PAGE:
Dubai’s transformation from a fishing village to a global real estate hub has been nothing short of remarkable. From having the world’s tallest building to man-made islands in the shape of a world map, the U.A.E.’s most populous city has never shied away from ambitious construction projects.
Today’s motion graphic video, from Knight Frank, is a unique overview of Dubai’s half-century long growth spurt.
Ambition into Action
Dubai’s ruler, Sheikh Mohammed bin Rashid Al Maktoum, summed up the ambition of his people in a quote:
Dubai will never settle for anything less than first place.
Indeed, the city’s economic growth has been nearly unparalleled over the past two decades. Unlike neighboring emirates, Dubai had a modest supply of oil and knew that diversifying their economy would be vital for future success.
As oil production leveled off in the early 1990s, the tourism industry ramped up. In 2002, reforms allowed foreigners to own real estate and that industry boomed overnight. Today, oil accounts for a minuscule 1% of Dubai’s GDP.
As the Middle East begins looking toward a post-oil economy, Dubai’s success provides an obvious example for other cities in the region to mimic.
Sky High Ambition
In addition to quirky attractions like the 250,000 sqft indoor ski hill, the desert city boasts a number of record-setting projects:
- World’s tallest building – Burj Khalifa
- World’s tallest hotel – JW Marriott Marquis Hotel
- World’s largest shopping center – Dubai Mall
- World’s largest indoor theme park – IMG Worlds of Adventure
- World’s Busiest Airport (International Travelers) – Dubai International Airport
- World’s longest fully automated metro network – Dubai Metro
Though Dubai is full of blockbuster development projects, the city’s urban form is perhaps best known for one specific attribute: height. For a city of only 3.0 million people, Dubai has a remarkable number of skyscrapers. In fact, the city trails only New York and Shanghai for the number of buildings taller than 150m (492ft).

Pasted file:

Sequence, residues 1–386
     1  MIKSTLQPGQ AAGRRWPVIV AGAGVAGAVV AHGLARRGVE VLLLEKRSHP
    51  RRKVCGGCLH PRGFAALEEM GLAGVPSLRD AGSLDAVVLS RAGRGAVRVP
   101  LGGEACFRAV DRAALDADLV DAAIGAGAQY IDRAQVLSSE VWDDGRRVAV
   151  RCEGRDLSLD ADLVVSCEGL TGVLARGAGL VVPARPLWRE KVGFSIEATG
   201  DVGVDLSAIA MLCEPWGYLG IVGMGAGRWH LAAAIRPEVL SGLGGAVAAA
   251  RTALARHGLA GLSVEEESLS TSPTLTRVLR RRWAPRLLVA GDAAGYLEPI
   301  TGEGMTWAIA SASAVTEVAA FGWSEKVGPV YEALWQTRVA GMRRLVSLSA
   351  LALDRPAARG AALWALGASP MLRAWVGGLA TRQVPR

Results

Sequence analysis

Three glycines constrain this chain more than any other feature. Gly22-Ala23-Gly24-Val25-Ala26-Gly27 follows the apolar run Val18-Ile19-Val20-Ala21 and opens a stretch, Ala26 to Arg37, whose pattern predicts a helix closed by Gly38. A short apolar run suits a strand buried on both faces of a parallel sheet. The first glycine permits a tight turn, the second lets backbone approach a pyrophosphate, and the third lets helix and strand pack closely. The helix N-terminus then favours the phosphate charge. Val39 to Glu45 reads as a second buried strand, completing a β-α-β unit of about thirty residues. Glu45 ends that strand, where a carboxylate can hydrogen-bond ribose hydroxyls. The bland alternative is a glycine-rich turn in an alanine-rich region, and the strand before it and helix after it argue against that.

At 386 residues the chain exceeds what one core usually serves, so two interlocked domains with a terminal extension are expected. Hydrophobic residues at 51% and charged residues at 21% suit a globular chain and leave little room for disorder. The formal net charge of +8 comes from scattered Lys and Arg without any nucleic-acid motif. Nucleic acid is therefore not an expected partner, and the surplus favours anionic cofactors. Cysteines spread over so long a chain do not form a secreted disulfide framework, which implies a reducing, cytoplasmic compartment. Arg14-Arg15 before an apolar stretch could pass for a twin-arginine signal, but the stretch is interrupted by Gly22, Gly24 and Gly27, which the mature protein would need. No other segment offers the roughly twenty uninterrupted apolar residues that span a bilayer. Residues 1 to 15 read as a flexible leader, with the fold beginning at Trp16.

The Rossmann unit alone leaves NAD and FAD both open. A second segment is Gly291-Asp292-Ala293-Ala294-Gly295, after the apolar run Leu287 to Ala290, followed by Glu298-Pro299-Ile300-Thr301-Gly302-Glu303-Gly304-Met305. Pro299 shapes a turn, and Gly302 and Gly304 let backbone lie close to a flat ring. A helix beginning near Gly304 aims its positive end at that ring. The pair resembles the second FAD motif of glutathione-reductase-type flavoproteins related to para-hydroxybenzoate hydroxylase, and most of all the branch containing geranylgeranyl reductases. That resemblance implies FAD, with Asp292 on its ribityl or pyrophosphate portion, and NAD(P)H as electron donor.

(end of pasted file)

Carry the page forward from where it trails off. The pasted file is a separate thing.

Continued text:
For context, during the period of 2007–2014 Dubai essentially kept pace with high-rise development in the United States as a whole. (Dubai’s population is 0.9% the size of the United States.)
The B Word
Just as Dubai was hitting its stride, the global financial crisis blew in and choked the pipeline of money flowing into the growing city. In 2009, headlines around the world proclaimed that Dubai’s real estate bubble had finally burst.
Though the financial crisis was a setback, the city’s development industry has recovered admirably. Going into 2017, there were 11,600 active projects worth over $800 billion. As well, Expo 2020 is expected to add fuel to the twin engines of Dubai’s economy: real estate development and tourism.
With the U.A.E. set to further relax foreign ownership roles, the city’s economic prospects remain as sunny as its weather forecast.
The Hydrogen City: How Hydrogen Can Help to Achieve Zero Emissions
Cities are drivers of growth and prosperity, but also the main contributors of pollution. Can hydrogen fuel the growth of cities with clean power?
In the modern context, cities create somewhat of a paradox.
While cities are the main drivers for improving the lives of people and entire nations, they also tend to be the main contributors of pollution and CO2 emissions.
How can we encourage this growth, while also making city energy use sustainable?
Resolving the Paradox
Today’s infographic comes to us from the Canadian Hydrogen and Fuel Cell Association and it outlines hydrogen technology as a sustainable fuel for keeping urban economic engines running effectively for the future.
The Urban Economic Engine
Today, more than half of the world’s population lives in cities, and according to U.N. estimates, that number will grow to 6.7 billion by 2050 – or about 68% of the global population.
Simultaneously, it is projected that developing economies such as India, Nigeria, Indonesia, Brazil, China, Malaysia, Kenya, Egypt, Turkey, and South Africa will drive global growth.
Development leads to urbanization which leads to increased economic activity:
The difficulty in this will be achieving a balance between growth and sustainability.
Currently, cities consume over two-thirds of the world’s energy and account for more than 70% of global CO2 emissions to produce 80% of global GDP.
Further, it’s projected by the McKinsey Global Institute that the economic output of the 600 largest cities and urban regions globally could grow $30 trillion by the year 2050, comprising for two-thirds of all economic growth.
With this growth will come increased demand for energy and C02 emissions.
The Hydrogen Fueled City